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Plasma spraying is the most versatile thermal spraying process as shown in Fig.2.4. An arc is created between thoriated tungsten cathode and an annular copper anode (both water cooled).

Plasma generating gas is forced to pass through the annular space between the electrodes. While passing through the arc, the gas undergoes ionization in the high temperature environment resulting plasma. The ionization is achieved by collisions of electrons of the arc with the neutral molecules of the gas. The plasma protrudes out of the electrode encasement in the form of a flame. The consumable material, in the powdered form, is poured into the flame in metered quantity. The powders melt immediately and absorb the momentum of the expanding gas and rush towards the target to form a thin deposited layer.

The next layer deposits onto the first immediately after and thus the coating builds up layer by layer [10, 12]. The temperature in the plasma arc can be as high as 10,000oC and it is capable of melting anything.

Fig. 2.4 Schematic of Plasma spraying

The key features of plasma spraying are:

• Deposits metals, ceramics or any combinations of these materials.

• Forms microstructures with fine ,equiaxed grains and without columnar boundaries

• Produces deposits that do not change in composition with thickness (length of deposition time)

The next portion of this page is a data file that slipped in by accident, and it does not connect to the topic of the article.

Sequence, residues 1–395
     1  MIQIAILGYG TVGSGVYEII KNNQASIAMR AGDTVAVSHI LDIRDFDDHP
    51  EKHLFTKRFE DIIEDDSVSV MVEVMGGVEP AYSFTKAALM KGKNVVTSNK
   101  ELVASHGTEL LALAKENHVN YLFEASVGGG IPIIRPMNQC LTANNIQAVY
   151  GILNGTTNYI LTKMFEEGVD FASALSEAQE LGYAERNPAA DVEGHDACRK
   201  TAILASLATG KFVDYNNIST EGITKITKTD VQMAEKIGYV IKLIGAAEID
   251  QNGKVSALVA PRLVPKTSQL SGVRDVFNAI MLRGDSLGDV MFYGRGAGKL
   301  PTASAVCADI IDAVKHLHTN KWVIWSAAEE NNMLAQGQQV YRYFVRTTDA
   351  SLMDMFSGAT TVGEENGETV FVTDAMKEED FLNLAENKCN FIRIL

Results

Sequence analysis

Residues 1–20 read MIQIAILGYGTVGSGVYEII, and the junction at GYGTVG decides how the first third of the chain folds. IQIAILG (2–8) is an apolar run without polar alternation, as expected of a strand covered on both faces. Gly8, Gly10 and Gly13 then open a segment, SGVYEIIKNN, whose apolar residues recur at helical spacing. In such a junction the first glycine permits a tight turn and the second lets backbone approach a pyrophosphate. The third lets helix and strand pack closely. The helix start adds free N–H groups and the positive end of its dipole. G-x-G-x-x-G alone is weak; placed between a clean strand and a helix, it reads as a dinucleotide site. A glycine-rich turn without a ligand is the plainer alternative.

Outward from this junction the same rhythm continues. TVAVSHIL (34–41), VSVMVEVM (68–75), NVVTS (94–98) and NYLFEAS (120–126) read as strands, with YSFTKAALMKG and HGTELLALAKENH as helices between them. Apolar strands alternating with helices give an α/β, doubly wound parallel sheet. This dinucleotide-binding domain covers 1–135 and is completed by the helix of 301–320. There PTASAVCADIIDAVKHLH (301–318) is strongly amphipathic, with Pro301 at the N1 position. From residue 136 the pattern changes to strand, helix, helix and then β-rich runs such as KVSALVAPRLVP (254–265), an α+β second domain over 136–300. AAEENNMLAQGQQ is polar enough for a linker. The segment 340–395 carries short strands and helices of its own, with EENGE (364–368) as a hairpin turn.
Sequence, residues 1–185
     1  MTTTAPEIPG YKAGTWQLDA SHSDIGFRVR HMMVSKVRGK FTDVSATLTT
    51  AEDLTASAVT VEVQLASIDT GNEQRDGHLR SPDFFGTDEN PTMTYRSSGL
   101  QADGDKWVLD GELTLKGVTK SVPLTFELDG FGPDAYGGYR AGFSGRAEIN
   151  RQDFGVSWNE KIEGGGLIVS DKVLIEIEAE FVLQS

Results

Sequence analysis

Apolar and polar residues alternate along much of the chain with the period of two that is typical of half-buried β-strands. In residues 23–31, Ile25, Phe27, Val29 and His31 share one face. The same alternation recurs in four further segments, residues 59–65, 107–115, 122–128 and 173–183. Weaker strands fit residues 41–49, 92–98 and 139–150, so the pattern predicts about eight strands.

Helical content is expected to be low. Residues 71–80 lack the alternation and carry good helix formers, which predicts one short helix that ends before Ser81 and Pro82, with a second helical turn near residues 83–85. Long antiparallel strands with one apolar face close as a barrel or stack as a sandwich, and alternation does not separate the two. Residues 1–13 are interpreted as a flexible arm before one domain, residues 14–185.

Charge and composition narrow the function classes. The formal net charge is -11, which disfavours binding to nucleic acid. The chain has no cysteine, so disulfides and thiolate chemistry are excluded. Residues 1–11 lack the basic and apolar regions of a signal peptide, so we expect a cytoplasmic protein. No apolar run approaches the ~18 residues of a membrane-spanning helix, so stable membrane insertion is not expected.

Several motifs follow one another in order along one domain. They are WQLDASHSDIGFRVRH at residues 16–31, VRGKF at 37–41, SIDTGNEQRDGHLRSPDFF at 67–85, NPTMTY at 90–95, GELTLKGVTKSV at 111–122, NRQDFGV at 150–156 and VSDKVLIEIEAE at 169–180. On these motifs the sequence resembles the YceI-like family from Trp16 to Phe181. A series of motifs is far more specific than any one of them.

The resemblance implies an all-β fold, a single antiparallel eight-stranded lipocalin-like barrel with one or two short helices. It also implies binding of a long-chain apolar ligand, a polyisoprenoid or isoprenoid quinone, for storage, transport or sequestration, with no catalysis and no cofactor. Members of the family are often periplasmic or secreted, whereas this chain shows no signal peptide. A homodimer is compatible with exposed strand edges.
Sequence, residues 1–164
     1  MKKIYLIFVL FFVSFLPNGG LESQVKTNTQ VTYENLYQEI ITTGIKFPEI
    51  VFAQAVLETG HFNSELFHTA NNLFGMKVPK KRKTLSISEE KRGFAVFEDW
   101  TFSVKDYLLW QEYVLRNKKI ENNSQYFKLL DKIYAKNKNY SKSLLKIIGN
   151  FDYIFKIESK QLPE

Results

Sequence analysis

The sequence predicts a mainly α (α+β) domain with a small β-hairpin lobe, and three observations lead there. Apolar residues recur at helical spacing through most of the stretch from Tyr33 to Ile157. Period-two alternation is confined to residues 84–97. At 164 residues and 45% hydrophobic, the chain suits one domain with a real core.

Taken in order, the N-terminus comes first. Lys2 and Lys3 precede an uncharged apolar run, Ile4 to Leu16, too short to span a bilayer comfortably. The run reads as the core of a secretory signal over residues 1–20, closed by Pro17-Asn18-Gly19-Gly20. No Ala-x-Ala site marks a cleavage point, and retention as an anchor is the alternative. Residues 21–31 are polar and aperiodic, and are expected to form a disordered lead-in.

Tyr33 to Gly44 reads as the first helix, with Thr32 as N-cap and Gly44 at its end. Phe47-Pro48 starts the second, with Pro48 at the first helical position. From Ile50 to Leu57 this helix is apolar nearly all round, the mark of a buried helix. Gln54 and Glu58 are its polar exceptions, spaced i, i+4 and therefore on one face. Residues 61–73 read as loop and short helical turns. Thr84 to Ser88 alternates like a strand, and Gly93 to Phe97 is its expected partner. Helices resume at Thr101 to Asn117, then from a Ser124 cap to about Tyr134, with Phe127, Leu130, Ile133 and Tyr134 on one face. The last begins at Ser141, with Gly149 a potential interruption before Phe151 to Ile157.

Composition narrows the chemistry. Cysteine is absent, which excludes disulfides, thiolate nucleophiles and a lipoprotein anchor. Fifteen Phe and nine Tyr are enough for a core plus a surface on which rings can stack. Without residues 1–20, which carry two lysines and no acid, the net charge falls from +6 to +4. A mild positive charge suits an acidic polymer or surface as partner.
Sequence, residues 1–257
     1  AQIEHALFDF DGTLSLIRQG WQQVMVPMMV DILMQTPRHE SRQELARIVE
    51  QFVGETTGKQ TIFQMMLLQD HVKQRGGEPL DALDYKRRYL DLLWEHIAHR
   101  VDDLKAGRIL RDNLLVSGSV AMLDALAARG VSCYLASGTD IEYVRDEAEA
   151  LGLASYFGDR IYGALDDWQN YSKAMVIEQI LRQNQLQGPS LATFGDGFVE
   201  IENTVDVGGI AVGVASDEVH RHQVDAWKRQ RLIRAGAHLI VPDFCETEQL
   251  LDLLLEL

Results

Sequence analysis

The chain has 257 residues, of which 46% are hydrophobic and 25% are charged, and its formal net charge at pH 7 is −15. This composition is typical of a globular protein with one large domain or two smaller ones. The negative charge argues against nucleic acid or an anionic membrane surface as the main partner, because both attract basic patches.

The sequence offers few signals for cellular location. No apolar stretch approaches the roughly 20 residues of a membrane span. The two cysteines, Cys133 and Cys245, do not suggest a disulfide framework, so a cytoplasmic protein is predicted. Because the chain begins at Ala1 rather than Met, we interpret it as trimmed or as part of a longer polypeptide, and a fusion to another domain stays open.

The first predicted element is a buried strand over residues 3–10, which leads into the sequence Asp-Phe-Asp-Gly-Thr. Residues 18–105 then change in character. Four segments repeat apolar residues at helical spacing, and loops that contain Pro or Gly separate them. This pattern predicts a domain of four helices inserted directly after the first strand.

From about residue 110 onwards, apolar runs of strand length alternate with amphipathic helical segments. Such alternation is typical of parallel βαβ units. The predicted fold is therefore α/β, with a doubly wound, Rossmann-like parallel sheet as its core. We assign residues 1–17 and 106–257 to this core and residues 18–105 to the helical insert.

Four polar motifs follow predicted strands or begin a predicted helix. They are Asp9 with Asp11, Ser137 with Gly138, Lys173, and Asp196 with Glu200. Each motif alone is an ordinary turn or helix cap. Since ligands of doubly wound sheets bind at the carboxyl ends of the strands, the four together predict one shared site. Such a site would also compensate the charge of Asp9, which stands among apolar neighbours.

• Can change from depositing a metal to a continuously varying mixture of metals and ceramics(i.e. functionally graded materials)

• High deposition rates (>4kg/h)

• Fabricates freestanding forms of virtually any material or any materials combinations

• Process materials in virtually any environment, e.g. air, reduced pressure inert gas, high pressure.

2.6.1 Requirements for Plasma Spraying

Roughness of the substrate surface:

A rough surface provides a good coating adhesion. A rough surface provides enough room for anchorage of the splats facilitating bonding through mechanical interlocking. A rough surface is generally created by shot blasting technique. The shots are kept inside a hopper, and compressed air is supplied at the bottom of the hopper. The shots are taken afloat by the compressed air stream into a hose and ultimately directed to an object kept in front of the exit nozzle of the hose. The shots used for this purpose are irregular in shape, highly angular in nature, and made up of hard material like alumina, silicon carbide, etc. Upon impact they create small craters on the surface by localized plastic deformation, and finally yield a very rough and highly worked surface. The roughness obtained is determined by shot blasting parameters, i.e., shot size, shape and material, air pressure, standoff distance between nozzle and the job, angle of impact, substrate material etc. [16]. The effect of shot blasting parameters on the adhesion of plasma sprayed alumina has been studied [17]. Mild steel serves as the substrate material. The adhesion increases proportionally with surface roughness and the parameters listed above are of importance. A significant time lapse between shot blasting and plasma spraying causes a marked decrease in bond strength [18].